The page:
What is an FHA Loan?

The Federal Housing Act of 1934 sought to make it easier for Americans to buy homes.

It was believed and still is today to an extent that homeownership is a positive foundation for a healthy economy because it provides stability to communities, facilitating healthy family life, community involvement, and the development of businesses in an area where a community will support the business.

The Federal Housing Administration runs the FHA loan program with the help of certified lending institutions. FHA loans are a way for lower income earners to be able to purchase a home.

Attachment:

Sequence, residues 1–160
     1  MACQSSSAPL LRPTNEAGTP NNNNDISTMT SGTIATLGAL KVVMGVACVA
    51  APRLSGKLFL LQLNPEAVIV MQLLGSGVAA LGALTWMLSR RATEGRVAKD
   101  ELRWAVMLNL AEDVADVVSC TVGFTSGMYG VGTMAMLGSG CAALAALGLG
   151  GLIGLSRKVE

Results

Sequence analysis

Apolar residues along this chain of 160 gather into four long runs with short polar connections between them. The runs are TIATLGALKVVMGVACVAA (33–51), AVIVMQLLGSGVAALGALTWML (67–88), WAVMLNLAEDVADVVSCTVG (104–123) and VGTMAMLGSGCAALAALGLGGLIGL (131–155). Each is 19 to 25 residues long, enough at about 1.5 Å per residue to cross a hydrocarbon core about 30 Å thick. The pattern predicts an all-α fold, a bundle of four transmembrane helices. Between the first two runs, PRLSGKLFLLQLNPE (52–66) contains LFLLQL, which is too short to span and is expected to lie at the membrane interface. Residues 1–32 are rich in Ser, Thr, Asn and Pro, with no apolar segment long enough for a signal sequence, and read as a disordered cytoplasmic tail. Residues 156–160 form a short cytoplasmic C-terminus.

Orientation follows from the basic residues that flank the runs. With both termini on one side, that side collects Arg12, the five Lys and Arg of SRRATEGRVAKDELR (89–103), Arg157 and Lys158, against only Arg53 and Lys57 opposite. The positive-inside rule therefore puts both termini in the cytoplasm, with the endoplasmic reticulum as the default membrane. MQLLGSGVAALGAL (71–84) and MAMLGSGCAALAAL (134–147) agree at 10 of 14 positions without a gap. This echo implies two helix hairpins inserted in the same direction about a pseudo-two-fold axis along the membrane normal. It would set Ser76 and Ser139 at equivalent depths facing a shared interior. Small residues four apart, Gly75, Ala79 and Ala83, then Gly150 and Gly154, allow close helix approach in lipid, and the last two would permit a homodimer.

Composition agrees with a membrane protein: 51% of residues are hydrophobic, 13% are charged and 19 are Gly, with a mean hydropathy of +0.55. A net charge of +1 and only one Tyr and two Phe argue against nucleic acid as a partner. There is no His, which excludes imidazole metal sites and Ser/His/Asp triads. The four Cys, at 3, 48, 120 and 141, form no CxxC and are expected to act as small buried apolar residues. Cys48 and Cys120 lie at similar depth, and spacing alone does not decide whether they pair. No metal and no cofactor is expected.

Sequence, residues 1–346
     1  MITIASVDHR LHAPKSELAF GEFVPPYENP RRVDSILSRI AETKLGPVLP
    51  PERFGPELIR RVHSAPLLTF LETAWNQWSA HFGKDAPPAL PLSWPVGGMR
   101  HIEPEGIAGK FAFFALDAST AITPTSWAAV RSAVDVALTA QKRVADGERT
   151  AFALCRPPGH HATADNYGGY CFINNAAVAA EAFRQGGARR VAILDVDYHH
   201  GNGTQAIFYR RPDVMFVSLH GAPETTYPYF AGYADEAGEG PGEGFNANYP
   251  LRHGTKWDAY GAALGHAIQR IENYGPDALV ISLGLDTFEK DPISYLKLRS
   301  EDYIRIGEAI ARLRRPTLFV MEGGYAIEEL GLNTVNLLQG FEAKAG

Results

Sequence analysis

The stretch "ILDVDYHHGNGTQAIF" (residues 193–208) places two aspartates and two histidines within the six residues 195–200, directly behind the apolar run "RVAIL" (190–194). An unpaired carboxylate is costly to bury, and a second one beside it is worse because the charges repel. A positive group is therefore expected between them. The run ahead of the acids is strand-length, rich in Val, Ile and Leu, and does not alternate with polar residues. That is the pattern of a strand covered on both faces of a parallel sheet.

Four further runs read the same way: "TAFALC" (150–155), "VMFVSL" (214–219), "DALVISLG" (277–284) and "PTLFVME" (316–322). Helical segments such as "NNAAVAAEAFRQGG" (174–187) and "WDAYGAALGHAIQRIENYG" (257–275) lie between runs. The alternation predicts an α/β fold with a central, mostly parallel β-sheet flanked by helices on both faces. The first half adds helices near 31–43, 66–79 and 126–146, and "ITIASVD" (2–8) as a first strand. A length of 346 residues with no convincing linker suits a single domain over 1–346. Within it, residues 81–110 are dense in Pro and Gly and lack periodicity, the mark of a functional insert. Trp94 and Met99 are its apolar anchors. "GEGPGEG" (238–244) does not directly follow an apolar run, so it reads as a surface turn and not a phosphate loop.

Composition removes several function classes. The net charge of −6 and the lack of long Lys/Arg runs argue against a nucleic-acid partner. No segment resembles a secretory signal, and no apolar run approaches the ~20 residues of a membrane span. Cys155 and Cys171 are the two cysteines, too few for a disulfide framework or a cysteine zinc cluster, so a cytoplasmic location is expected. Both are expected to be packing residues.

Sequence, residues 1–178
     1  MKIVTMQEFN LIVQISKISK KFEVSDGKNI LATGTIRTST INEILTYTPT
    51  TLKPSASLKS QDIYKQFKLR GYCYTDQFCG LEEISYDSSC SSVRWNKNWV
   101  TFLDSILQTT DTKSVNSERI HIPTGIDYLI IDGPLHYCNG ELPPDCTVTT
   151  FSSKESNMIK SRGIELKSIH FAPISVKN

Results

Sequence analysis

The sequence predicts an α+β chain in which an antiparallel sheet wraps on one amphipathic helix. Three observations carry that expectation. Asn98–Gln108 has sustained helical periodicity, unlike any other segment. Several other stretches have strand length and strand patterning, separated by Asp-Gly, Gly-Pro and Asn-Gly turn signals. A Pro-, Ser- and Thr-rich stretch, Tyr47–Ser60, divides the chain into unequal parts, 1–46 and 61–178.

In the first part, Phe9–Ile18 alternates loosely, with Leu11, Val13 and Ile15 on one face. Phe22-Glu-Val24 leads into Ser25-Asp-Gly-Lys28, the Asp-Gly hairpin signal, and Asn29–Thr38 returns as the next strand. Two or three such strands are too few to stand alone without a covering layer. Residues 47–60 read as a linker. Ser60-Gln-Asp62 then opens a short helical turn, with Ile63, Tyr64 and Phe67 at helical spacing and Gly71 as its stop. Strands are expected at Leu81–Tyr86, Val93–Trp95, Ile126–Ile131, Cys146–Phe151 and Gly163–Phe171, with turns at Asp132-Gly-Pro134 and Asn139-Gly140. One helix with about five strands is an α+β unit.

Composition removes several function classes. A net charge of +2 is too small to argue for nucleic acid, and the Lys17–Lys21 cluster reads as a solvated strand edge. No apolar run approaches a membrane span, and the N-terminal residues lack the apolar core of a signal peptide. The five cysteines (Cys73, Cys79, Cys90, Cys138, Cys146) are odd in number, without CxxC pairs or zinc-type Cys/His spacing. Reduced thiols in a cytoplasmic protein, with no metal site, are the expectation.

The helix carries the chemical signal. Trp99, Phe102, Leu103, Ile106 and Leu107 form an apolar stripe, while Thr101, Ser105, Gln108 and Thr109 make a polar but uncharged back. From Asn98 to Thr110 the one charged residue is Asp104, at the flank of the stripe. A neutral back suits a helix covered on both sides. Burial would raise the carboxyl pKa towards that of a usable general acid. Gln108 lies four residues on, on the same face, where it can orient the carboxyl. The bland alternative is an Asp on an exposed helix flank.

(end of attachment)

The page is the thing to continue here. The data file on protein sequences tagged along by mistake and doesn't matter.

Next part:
The down-payments and interest rates are generally lower than through any other lender, but the buyer does have to pay for mortgage protection insurance which protects the lender from defaults. The loan can be used to purchase a house or a 2-4 unit property, and not just a single-family home.

Buyers can be approved for a mortgage loan if their credit score is around 500. U.S. Department of Housing and Urban Development is the parent entity of the FHA, and the loans are often referred to as HUD loans, and the houses purchased with them as HUD houses.

People can search for banks and lenders that make FHA / HUD loans in an area using the online search engines and FHA databases.

What is the Federal Housing Administration (FHA)?
What is a Home Equity Conversion Mortgage?